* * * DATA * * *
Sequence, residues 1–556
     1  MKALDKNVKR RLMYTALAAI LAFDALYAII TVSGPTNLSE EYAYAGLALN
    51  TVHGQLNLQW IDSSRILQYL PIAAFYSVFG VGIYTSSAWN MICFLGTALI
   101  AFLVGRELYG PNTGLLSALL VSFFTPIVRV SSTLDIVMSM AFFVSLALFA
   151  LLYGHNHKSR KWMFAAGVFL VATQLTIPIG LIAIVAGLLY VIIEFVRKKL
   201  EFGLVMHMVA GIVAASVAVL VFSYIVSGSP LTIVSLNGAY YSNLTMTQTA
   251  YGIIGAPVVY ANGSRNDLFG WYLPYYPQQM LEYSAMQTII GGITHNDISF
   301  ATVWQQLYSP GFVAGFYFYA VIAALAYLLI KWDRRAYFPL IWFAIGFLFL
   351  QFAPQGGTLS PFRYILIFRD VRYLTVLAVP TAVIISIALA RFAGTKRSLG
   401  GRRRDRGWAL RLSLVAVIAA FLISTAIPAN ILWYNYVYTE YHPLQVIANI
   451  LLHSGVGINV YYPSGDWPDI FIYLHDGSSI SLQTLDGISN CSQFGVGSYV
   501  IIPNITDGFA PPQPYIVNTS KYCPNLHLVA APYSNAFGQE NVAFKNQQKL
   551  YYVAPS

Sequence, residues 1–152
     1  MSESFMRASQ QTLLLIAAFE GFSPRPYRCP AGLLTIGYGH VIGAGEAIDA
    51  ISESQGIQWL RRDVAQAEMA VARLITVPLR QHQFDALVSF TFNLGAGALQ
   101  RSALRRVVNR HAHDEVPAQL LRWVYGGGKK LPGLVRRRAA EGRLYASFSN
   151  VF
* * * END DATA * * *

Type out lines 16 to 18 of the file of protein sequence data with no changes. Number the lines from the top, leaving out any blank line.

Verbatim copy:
    51  ISESQGIQWL RRDVAQAEMA VARLITVPLR QHQFDALVSF TFNLGAGALQ
   101  RSALRRVVNR HAHDEVPAQL LRWVYGGGKK LPGLVRRRAA EGRLYASFSN
   151  VF